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#733: RotW: Repair of the Week: Most Unlikely Failure, Using The "Golden Triangle" In Your Business, Basic Troubleshooting


Happy Tuesday,

We’ve been in the business of Apple sales and service for a long time, and this is reinforced by Don’s and my service of various advisory boards for Apple’s reseller and AppleCare groups. We’re heading to Cupertino tomorrow for a round of meetings to pass on our observations and recommendations to improve customers’ experience not only at our store and at other Apple Specialists, but at Apple Stores and at resellers worldwide.

It’s wonderful to meet with Apple, but it’s equally great to meet with other service managers of the Apple-authorized service providers (AASPs) to discuss best practices and ideas on how our companies can provide the best and most innovative service to those who matter most: our customers.

It’s a quick trip with one full day of meetings, and I’ll be back in Vermont on Friday to continue the process of hiring and training the latest Small Dog employees that will greet customers in Manchester, NH, at our new store. We’re getting closer and closer to opening day, and I hope Tech Tails readers within reasonable distance will come out for our opening day.

As always, thanks for reading, and keep in touch.


  Repair of the Week: Most Unlikely Failure  

A computer that doesn’t power on lands in our shop every few hours. Most often, these are laptops (er, notebooks), and a good portion of the time, the no-power symptom is a result of liquid damage. For some reason deserving of sociological study, the majority of customers who bring in liquid damaged computers refuse to admit any knowledge of a liquid spill.

Sometimes, though, a desktop computer comes through the door and will not power on. It’s usually a power supply. This week’s repair is different. It’s a Power Mac G5 that did not power on for the customer, but showed no signs of trouble in our shop. We sent it home as a CND (could not duplicate) repair, and the customer called us shortly after getting home to report that her machine would not power on.

I asked her to bring the power cord, surge protector, and the computer back to us for immediate testing. I plugged the computer into one of our known-good power cords, and it powered on and booted right to the desktop in about 30 seconds, just like it should. When I tried the customer’s power cord, there were no signs of life.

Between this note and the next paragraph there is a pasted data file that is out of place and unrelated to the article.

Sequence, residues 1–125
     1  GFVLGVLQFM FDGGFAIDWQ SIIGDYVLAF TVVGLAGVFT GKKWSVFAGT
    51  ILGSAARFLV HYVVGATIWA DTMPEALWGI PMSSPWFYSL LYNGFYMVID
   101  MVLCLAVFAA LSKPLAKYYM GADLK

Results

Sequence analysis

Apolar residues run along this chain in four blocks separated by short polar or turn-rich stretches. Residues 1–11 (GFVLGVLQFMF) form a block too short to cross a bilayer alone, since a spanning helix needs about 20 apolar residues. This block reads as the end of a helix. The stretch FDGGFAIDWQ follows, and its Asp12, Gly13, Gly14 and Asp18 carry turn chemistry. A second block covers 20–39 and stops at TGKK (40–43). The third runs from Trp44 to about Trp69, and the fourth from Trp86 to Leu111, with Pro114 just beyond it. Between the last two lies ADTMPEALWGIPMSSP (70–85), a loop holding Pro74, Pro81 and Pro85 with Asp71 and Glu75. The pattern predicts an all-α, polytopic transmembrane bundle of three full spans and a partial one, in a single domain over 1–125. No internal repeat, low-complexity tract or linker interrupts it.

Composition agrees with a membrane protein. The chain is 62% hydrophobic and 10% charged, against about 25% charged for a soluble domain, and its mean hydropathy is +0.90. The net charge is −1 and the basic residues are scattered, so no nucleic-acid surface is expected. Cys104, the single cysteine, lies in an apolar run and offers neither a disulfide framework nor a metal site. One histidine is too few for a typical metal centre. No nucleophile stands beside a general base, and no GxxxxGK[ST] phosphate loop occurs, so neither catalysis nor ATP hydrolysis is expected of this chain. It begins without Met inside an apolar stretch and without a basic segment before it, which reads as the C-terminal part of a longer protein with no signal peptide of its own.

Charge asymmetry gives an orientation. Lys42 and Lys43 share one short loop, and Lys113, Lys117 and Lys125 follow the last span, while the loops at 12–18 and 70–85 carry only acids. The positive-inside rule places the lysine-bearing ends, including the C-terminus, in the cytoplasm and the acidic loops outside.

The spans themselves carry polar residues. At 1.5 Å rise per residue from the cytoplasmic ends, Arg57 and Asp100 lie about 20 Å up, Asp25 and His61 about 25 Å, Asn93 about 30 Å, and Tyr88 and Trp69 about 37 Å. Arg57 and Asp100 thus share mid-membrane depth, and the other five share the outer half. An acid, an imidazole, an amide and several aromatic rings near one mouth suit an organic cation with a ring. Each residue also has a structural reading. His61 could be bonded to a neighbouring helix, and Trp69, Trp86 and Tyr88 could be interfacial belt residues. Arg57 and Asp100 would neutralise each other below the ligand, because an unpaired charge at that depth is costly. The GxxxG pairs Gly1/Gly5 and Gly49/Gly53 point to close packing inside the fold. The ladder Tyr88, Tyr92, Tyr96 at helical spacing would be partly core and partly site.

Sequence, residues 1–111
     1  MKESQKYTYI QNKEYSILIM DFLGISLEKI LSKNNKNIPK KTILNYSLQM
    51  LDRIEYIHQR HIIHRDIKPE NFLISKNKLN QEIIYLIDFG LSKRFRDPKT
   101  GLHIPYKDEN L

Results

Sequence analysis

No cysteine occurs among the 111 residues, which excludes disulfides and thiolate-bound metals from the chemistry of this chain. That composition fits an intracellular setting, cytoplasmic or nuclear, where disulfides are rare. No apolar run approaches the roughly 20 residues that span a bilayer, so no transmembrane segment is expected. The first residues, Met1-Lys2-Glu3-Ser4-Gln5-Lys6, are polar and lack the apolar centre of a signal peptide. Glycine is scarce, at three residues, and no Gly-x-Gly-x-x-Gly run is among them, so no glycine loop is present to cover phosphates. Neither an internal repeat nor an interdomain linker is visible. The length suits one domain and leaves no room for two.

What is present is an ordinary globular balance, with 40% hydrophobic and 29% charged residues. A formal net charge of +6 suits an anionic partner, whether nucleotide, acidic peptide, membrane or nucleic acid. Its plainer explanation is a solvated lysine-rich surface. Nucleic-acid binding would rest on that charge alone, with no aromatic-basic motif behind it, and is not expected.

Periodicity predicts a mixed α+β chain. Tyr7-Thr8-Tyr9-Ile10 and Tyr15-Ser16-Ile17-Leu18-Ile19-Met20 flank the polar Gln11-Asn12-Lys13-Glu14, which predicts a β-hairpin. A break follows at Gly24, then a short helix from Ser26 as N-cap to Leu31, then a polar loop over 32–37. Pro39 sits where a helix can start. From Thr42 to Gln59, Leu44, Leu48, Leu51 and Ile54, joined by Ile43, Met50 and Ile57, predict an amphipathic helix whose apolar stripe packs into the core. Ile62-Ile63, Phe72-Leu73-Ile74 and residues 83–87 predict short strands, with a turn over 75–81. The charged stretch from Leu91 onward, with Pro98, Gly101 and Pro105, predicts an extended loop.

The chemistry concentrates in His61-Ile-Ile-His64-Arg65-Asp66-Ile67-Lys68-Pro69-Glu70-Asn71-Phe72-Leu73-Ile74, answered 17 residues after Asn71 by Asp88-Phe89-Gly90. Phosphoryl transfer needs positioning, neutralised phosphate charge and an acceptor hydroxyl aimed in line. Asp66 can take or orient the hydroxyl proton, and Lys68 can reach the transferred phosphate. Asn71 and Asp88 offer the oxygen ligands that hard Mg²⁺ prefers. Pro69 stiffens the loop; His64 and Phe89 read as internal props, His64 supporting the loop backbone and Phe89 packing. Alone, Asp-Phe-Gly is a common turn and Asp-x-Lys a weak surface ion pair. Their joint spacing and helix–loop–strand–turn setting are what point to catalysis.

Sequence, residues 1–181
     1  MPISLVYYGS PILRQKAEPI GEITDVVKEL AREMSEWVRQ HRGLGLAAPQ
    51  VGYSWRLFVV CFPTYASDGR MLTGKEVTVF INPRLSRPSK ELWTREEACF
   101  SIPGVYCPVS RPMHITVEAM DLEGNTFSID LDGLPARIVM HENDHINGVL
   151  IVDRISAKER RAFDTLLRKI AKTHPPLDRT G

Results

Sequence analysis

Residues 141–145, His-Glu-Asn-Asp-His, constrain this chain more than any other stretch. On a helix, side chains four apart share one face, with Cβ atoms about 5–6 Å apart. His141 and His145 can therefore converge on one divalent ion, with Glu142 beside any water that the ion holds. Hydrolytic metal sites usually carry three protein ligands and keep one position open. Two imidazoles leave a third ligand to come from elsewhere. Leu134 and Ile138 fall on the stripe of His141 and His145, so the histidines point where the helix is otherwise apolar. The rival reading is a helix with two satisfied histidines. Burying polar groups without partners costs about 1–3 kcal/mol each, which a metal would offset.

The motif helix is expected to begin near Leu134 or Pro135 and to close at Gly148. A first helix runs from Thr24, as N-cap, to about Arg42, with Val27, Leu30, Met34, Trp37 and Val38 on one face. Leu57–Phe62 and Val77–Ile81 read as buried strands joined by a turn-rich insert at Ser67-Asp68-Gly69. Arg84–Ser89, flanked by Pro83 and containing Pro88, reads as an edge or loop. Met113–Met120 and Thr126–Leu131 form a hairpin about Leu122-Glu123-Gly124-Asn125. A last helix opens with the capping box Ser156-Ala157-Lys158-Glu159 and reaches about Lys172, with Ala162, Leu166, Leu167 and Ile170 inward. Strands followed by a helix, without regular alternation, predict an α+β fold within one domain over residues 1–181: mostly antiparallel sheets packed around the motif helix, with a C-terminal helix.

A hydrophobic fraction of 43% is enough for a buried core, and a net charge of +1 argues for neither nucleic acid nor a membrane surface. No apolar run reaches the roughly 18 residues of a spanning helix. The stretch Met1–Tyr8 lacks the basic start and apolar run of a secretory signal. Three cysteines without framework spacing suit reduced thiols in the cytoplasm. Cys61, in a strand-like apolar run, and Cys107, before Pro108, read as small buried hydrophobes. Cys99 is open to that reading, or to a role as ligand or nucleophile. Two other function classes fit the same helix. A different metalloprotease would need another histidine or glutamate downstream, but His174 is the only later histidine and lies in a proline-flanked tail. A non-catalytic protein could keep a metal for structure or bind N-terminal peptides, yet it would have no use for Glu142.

I’ve used the same power cord for my desktop computers for almost twenty years. Sometimes, though, the power cord itself can be the root cause of a no-power symptom. If your computer doesn’t power on, swap out the power cable to potentially save yourself the downtime.

  Using The "Golden Triangle" In Your Business  

Integrating Macs in a business environment has gone from being an anomaly to a standard. Thanks to Snow Leopard’s phenomenal integration capabilities, the speed and reliability of Apple hardware and the ability to run multiple platforms all on one piece of hardware, using Macs in business can cut down on IT costs and increase productivity.

Plus, with Apple’s renewed commitment to the environment, their hardware continues to be more energy efficient and uses less hazardous materials. However, even with the many benefits of integrating Macs in the business environment, there are often concerns about how well they would work with existing Windows Servers and how difficult the initial setup may be. Let’s lay some of those concerns to rest.

Last week, I had the privilege of attending a hands-on seminar on integrating Microsoft Active Directory and Exchange Servers with Mac OS 10.6 servers and clients. This is something that I’ve been doing more and more in the field, but it was very cool to experience it in a lab setting and get to play with both the Mac and PC environments.

One of the first things I was told is that the average setup time to integrate a new Mac into a Windows business environment is eight minutes. Eight minutes! That includes going through the Mac OS Setup Assistant, binding to an Active Directory server and configuring exchange accounts for mail, contacts and calendars. We tried it out and, sure enough, working at an average-pace it was an eight-minute-or-less experience.

In the seminar I attended, we actually went through the process of configuring a Microsoft 2008 Enterprise server, setting up Active Directory and Exchange, binding a Mac client to it and then also binding the Mac to a 10.6 Server for Open Directory. The really amazing thing is that both servers ran on one piece of hardware. We started with a Mac running 10.6 Server. While we used Macbook Pros, in a real-life setting I’d recommend using at least a beefed up Mac Mini Server (for small offices) or an Xserve (for most businesses). Using Parallels, we were able to install a copy of Windows 2008 Server.

The Windows Server ran Active Directory and Exchange services and the Mac Server was then bound to the Active Directory Server. Looking back at the Mac side, we set the Mac Server as an Open Directory Master. Since the Mac Server was bound to the Active Directory Server, we were able to view and manipulate all of the Active Directory user accounts within Apple’s Workgroup Manager and we could then add additional Mac-specific settings. Client machines could then be bound to both the Mac Open Directory and the Microsoft Active Directory simultaneously to reap the benefits of both platforms. This technique is referred to as the “Golden Triangle.”